Eventually a young doctor came round and called J’s name. He smiled at J as we walked over. J began to whine and say ‘doctor’ several times and the doctor replied ‘yup, that’s me!’ As we walked to the room J started saying ‘ahh here’ while touching his hair. He seemed to think the doctor was going to cut his hair! The doctor reassured him that he wasn’t going to cut his hair and this seemed to put J as ease.

I have to say, this doctor has been the best GP J has seen so far. He was calm, friendly, funny and he really seemed to make J feel a bit more comfortable. There were even some toys that J could play with and a little table for him to sit at, which just made his experience better. It wasn’t perfect, J still whined and was unsettled but he let the doctor feel the lump on his head, look in his mouth, take his temperature and sound his chest. He even gave the doctor a cuddle because he knew who Spongebob Squarepants was.

As we were leaving he did try to steal a couple of smurf toys and was a bit reluctant to leave without them, but we can’t have everything. He got through the appointment and the doctor got to check what he needed to check. All in all I think that made it a huge success. Small steps for most but a massive leap for my boy!

Thank you to that doctor and to the lovely lady in the reception queue, who both made a relatively unpleasant task a lot more bearable.

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Be kind, always

I have read so many sad and tragic stories in the news recently. There seems to be death and destruction everywhere. I have to admit it’s been getting me down lately.  There are some of the stories I just can’t seem to get out of my head though. Of course attacks like in Turkey, France, Germany, Belgium and across many countries throughout the world; the ongoing wars in many countries and the oppression of people is so terrible and hard to comprehend. I’ve come to the conclusion that there are some very bad people in the world. I also think there are some impressionable and sometimes vulnerable people, who are indoctrinated and brainwashed into thinking a certain way and some people who are most likely mentally ill. This doesn’t change what they’ve done or make the families feel any better though.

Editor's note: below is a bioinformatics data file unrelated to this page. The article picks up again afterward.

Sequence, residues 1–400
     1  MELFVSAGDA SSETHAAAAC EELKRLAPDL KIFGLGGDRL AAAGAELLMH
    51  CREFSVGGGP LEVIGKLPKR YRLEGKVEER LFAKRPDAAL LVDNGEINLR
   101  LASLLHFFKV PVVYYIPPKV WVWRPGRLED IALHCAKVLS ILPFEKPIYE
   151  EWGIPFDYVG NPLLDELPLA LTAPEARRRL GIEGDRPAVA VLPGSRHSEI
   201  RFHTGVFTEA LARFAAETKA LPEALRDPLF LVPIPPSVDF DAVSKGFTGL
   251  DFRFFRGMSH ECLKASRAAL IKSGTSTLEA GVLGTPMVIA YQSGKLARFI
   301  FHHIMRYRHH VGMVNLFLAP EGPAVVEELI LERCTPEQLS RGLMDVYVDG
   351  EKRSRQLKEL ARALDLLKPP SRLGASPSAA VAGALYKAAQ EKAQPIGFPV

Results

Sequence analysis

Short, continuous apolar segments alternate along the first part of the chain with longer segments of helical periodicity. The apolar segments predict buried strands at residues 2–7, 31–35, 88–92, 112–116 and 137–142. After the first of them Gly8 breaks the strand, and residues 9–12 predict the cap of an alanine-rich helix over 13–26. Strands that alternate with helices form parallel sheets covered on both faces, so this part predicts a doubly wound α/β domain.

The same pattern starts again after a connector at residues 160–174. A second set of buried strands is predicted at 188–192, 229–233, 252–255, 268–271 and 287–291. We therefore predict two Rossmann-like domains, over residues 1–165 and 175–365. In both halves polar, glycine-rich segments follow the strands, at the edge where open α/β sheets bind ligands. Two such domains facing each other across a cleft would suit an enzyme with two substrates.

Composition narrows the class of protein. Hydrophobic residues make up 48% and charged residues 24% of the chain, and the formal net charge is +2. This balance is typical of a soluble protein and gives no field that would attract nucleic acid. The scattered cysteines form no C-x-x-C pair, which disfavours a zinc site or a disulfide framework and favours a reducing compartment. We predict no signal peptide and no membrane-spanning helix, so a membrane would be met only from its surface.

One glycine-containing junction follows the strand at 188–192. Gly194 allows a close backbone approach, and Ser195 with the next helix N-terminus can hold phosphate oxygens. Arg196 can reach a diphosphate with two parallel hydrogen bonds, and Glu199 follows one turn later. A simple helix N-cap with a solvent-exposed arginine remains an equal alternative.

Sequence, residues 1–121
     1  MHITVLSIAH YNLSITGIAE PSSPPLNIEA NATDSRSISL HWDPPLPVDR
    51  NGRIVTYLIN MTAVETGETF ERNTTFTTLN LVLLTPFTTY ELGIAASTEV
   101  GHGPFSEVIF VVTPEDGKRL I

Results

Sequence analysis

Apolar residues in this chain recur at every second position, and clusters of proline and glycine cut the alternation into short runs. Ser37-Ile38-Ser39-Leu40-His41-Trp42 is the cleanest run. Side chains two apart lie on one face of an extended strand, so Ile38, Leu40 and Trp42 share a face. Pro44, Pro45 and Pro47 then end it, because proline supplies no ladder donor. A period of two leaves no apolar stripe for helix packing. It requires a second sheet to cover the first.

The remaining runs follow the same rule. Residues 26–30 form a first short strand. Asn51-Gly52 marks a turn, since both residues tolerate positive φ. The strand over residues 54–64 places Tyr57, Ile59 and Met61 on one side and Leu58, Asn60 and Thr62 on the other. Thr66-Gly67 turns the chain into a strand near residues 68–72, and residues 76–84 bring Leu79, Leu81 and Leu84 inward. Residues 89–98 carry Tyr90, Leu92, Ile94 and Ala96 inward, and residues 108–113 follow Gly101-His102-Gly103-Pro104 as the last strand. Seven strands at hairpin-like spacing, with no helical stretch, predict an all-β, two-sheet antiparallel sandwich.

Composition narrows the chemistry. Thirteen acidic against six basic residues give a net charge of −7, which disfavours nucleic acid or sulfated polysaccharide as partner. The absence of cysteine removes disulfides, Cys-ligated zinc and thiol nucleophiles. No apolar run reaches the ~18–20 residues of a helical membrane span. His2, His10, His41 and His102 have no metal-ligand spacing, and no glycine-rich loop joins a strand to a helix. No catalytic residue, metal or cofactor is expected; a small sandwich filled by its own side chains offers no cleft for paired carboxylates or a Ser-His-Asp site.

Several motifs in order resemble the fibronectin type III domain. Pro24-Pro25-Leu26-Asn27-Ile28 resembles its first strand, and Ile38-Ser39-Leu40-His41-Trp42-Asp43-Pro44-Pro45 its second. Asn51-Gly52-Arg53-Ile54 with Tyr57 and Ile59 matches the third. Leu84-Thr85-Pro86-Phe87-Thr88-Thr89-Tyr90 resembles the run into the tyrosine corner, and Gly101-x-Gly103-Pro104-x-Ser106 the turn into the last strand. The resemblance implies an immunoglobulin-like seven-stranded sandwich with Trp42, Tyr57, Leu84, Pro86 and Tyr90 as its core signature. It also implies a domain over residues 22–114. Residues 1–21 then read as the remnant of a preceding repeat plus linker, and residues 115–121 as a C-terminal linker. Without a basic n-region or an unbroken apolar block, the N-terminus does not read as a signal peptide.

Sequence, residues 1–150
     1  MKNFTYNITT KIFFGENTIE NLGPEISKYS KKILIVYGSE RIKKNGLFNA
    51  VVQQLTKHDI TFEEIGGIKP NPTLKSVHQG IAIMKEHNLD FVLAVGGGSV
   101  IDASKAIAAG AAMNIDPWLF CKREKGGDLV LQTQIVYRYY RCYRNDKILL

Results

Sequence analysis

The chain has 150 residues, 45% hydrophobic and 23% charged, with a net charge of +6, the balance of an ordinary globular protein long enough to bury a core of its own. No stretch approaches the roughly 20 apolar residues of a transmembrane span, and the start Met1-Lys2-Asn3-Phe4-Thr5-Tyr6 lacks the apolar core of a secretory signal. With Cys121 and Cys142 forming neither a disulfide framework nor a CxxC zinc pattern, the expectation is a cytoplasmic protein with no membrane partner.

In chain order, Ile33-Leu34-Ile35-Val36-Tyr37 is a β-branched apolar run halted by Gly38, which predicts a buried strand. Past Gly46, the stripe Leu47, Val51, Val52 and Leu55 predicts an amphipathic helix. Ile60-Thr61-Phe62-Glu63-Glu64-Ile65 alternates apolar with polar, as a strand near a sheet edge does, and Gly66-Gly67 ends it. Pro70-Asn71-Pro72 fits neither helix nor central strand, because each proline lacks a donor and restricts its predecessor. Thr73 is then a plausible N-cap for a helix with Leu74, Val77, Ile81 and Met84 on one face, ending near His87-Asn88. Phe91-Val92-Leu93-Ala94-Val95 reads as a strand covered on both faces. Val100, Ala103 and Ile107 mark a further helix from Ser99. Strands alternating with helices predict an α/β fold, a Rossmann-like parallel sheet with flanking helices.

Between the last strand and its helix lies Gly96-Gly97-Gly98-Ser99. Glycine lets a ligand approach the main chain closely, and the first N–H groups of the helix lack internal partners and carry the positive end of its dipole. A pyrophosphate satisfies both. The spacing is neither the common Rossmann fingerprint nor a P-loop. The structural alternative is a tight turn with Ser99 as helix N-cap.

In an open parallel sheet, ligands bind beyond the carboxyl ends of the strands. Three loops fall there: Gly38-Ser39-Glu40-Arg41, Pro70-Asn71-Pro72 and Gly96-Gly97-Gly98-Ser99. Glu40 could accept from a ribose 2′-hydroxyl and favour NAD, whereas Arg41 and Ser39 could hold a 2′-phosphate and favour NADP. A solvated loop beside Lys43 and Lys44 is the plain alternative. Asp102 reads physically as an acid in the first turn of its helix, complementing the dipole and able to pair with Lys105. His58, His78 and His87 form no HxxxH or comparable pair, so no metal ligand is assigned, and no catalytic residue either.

The stories I have found stuck with me most over the past few days, were the more local ones; related to the deaths of children in tragic circumstances while they were playing, going on holiday or enjoying days out with their families or friends. The circumstances themselves are upsetting and tragic enough; families shattered in an instant because of some unforeseen event or circumstance. I can’t (and don’t ever want to) begin to imagine how these families feel. What I find all the more heartbreaking is the reaction of certain other people.